The once captivating and distinct promise of sports wanes beyond us.
Whether it’d be a French football fanatic flying across the globe or an NBA devotee flying in from the most remote parts of North Carolina to check in on the Los Angeles Clippers, the fans are yet again met with disappointment.
Blame COVID protocols, injuries, load management — the team’s best players and fan-favorite superstars are missing game after game.
From the team’s standpoint, this could mean a few things.
The team plays without its best players and potentially loses a game; a different, usually less skilled, player replaces the sidelined player; chemistry issues are manifested in the high-stakes game as the team hasn’t played many games at full strength.
For the fans, however, it means more than just a few things.
I’m blaming my injury report tardiness on the tryptophan. But yeah, Kawhi, Paul George and Luke Kennard have all been ruled out for Clippers-Nuggets tomorrow.— Andrew Greif (@AndrewGreif) November 25, 2022
The Los Angeles Clippers will compete in their Black Friday showdown against the Denver Nuggets without their two franchise stars: Kawhi Leonard and Paul George. Not even the team’s fan-favorite sharpshooter Luke Kennard will play.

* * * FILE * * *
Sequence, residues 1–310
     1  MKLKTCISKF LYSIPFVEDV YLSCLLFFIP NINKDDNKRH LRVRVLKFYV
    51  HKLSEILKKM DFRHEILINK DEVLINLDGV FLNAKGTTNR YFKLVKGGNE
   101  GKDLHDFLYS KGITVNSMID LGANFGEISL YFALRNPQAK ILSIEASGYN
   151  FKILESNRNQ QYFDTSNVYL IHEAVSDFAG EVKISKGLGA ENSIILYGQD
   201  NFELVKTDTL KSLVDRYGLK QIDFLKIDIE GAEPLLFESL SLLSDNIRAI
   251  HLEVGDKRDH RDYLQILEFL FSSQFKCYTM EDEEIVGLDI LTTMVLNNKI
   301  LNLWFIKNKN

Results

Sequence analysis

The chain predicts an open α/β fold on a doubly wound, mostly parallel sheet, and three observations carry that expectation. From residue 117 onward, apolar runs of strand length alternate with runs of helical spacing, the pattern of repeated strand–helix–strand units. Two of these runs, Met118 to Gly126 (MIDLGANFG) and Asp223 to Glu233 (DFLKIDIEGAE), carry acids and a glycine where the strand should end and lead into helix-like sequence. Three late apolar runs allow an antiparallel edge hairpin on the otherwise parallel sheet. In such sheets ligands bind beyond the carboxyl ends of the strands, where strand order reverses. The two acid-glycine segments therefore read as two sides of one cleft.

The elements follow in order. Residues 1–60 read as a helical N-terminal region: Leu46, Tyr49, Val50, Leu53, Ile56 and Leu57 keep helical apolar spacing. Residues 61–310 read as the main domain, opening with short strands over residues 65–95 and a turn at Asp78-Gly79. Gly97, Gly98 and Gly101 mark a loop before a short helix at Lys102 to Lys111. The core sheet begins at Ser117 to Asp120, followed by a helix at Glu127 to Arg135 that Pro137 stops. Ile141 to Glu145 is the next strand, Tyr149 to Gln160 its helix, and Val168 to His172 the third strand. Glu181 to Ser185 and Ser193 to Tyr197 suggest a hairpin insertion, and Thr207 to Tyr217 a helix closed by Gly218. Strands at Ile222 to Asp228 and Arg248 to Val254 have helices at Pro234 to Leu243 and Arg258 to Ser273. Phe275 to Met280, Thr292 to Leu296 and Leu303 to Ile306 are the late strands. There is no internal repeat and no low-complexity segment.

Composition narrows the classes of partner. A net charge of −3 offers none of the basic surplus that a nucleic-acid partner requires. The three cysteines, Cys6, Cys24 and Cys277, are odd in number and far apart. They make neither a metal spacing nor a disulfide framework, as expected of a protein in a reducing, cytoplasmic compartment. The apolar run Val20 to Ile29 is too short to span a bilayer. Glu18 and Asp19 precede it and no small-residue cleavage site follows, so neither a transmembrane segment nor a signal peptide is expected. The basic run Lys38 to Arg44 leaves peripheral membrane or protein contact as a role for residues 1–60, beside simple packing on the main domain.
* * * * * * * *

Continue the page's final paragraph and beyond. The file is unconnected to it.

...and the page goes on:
Leonard played in just five games this season, and the Clippers had just four occasions in which both Leonard and George were on the floor at the same time.
For the fans — flying in from all parts of the globe — that schedule a day based on and pay a hefty price for an NBA game, injuries and load management are killing the spirit of the game. Without the superstars playing, much of their reason for buying the high-priced tickets — as a birthday gift, an early Christmas present, or a special date — vanishes.
They don’t get to see their favorite players in action. Rather, the fans’ hopes and expectations are crushed — without a refundable ticket or a foreseeable timetable for them to return to a different game that their favorite players might play in.
That isn’t to point fingers at the players. They, too, want to play and put on a show in front of their fans, after all.
And it’s, to a large extent, an inevitable and uncontrollable facet of the game. It’s not like they’re actively looking to get injured. It’s just when super-sized, strapping athletes are running, jumping and diving up to 48 minutes a night for 82 nights, there’s no preventing injuries.
But there is one thing that is in our hands — more precisely, in the hands of NBA commissioner Adam Silver: the number of games a team is expected to play per season.
More games? Fewer games? No more play-in tournaments? A mid-season tournament?
Sure, there is not a solve-it-all cure to the issue that’s been plaguing all sports leagues and competitions around the world. But these are the types of questions we should be asking for the safety of the players. And for the enduring memories that the fans could make.